This is the most important thing that has happened on the intellectual property front lately. Former Soviet president Gorbachev asks Microsoft's Bill Gates not to pursue IP litigation against a high school teacher in Perm who used pirated software in classroom because: - he is poor - he has dedicated his life to teaching - he was just using pirated software, but has not installed and/or downloaded it, - because the possible punishment (imprisonment is Siberia) is disproportionate.
For most of human history the essential nature of creativity was understood to be cumulative and collective. This notion has been largely forgotten by modern policies regulating creativity and speech. As hard as it may be to believe, the most valuable components of our immortal culture were created under a fully open regime as far as access to pre-existing expressions and reuse was concerned.
This is the third in a series of articles focusing on the experimental economics of intellectual property. In earlier work, we have experimentally studied the ways in which creators assign monetary value to the things that they create. That research has suggested that creators are subject to a systematic bias that leads them to overvalue their work.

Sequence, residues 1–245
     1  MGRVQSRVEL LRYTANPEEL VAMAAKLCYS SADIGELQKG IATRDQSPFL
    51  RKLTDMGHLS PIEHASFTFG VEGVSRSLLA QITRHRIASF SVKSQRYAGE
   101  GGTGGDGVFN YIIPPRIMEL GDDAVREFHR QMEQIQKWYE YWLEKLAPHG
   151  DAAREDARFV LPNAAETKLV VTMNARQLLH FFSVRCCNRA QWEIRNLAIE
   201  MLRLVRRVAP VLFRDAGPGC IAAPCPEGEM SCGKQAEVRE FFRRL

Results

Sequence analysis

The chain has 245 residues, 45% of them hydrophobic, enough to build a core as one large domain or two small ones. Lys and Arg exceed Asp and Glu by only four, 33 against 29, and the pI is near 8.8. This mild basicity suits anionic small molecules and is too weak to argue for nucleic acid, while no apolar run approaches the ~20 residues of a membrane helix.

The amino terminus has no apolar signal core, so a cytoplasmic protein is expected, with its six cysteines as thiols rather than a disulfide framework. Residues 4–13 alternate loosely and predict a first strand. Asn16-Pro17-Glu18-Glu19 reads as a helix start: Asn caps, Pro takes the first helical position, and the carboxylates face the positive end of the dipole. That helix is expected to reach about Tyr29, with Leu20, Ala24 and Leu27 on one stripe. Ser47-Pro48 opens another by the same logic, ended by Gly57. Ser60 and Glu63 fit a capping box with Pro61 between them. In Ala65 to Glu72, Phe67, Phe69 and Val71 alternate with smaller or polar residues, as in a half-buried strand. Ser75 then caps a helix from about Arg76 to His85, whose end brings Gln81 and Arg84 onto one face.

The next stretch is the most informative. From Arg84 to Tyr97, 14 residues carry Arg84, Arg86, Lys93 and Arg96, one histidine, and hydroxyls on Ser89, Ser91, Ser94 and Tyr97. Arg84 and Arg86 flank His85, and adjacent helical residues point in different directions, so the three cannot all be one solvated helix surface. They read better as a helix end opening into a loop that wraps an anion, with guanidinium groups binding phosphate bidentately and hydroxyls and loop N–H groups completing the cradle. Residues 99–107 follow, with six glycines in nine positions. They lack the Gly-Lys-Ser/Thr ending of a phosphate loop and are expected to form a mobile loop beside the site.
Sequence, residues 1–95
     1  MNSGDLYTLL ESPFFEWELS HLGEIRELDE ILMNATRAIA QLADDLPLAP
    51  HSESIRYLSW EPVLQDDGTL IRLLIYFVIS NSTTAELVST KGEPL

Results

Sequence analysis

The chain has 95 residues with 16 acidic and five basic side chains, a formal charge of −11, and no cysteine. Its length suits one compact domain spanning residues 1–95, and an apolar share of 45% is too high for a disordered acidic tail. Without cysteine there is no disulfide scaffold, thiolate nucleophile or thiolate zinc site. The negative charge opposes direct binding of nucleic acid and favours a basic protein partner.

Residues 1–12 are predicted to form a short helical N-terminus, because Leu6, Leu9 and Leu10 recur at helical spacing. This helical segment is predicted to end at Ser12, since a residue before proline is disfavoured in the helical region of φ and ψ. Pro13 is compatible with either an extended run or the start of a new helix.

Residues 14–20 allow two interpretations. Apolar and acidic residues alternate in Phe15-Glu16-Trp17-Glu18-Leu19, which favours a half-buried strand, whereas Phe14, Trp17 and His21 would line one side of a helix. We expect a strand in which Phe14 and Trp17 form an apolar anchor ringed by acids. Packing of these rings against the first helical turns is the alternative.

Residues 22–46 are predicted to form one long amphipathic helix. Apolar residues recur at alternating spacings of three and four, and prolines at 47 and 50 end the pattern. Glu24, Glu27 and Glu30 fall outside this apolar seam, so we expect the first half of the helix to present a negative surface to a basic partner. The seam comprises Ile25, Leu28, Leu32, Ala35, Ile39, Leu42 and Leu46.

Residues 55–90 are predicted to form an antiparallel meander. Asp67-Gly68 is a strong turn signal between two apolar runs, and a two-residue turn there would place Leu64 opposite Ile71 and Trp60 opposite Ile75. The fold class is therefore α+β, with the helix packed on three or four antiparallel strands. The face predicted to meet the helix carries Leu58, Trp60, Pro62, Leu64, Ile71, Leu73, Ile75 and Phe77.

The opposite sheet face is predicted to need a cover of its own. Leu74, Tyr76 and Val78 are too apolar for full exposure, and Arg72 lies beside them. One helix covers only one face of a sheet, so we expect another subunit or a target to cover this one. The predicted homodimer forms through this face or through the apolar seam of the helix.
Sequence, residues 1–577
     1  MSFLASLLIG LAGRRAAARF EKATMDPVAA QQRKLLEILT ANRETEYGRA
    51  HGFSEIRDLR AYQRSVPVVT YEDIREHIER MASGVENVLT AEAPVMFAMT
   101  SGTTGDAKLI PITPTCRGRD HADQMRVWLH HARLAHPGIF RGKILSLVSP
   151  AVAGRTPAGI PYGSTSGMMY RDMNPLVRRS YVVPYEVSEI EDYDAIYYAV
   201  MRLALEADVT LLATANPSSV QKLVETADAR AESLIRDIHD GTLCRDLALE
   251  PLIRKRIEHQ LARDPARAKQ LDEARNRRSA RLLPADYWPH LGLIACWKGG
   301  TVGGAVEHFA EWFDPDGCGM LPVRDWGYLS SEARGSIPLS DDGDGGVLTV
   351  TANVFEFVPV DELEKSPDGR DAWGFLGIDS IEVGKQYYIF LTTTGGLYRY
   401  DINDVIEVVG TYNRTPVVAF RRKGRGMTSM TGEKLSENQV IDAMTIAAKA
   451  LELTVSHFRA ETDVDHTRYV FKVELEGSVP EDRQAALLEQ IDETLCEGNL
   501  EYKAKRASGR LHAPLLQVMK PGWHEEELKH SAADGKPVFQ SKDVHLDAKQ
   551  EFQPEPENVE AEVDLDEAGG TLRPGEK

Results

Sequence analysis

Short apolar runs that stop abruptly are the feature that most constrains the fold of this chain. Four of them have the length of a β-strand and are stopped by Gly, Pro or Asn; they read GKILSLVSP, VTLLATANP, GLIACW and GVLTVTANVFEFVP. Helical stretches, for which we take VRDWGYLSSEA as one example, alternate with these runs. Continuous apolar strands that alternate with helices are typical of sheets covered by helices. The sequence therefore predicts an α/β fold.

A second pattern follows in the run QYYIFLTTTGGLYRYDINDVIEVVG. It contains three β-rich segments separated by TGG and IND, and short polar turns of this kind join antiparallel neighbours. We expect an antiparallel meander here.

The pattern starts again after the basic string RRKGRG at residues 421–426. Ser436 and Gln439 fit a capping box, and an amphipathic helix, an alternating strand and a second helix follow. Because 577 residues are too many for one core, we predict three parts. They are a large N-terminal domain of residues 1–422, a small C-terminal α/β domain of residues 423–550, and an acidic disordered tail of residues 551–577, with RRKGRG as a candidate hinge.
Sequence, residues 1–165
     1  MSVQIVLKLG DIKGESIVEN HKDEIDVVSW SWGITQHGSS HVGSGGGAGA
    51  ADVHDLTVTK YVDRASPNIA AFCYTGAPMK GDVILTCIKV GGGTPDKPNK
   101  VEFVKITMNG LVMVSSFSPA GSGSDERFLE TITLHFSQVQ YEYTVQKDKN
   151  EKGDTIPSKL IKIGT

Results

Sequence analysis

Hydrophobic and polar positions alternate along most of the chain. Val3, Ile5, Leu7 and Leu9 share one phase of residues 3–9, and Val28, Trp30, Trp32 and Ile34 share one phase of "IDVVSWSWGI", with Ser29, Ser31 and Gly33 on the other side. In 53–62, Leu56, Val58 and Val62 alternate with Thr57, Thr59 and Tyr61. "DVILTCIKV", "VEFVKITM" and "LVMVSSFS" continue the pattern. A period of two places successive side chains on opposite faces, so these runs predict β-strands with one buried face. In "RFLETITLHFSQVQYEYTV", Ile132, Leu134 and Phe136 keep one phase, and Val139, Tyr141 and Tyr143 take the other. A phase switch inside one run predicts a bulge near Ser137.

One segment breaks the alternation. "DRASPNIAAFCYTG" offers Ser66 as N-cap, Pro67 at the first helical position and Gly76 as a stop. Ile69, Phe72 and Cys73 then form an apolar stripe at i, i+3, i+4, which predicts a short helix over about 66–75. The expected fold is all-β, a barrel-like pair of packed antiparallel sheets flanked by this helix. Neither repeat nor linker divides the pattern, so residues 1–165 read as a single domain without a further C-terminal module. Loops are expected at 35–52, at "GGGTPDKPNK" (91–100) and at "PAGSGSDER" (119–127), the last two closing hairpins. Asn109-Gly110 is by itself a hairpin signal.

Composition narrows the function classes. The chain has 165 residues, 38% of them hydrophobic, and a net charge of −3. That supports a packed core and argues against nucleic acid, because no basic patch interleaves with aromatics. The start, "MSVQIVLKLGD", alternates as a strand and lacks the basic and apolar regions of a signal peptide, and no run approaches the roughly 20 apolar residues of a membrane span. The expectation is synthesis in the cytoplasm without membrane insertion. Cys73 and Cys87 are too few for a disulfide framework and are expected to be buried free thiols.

"Elon Law Associate Professor David S. Levine traveled to Williamsburg, Virginia, in October for the 28th Annual Intellectual Property Seminar: The Evolving Landscape of IP, co-hosted by the Virginia CLE and the Intellectual Property Section of the Virginia State Bar.
"“While yoga certainly originated in India,” says Sonia Katyal, a law professor at Fordham University who specializes in intellectual property, “its widespread adoption in the West—including the hundreds of types of yogas created by enterprising westerners like mommy-and-me yoga, nude yoga, dog yoga—makes it a little harder to explain how its Indian origins are always essential the practice or characteristics of yoga today.”"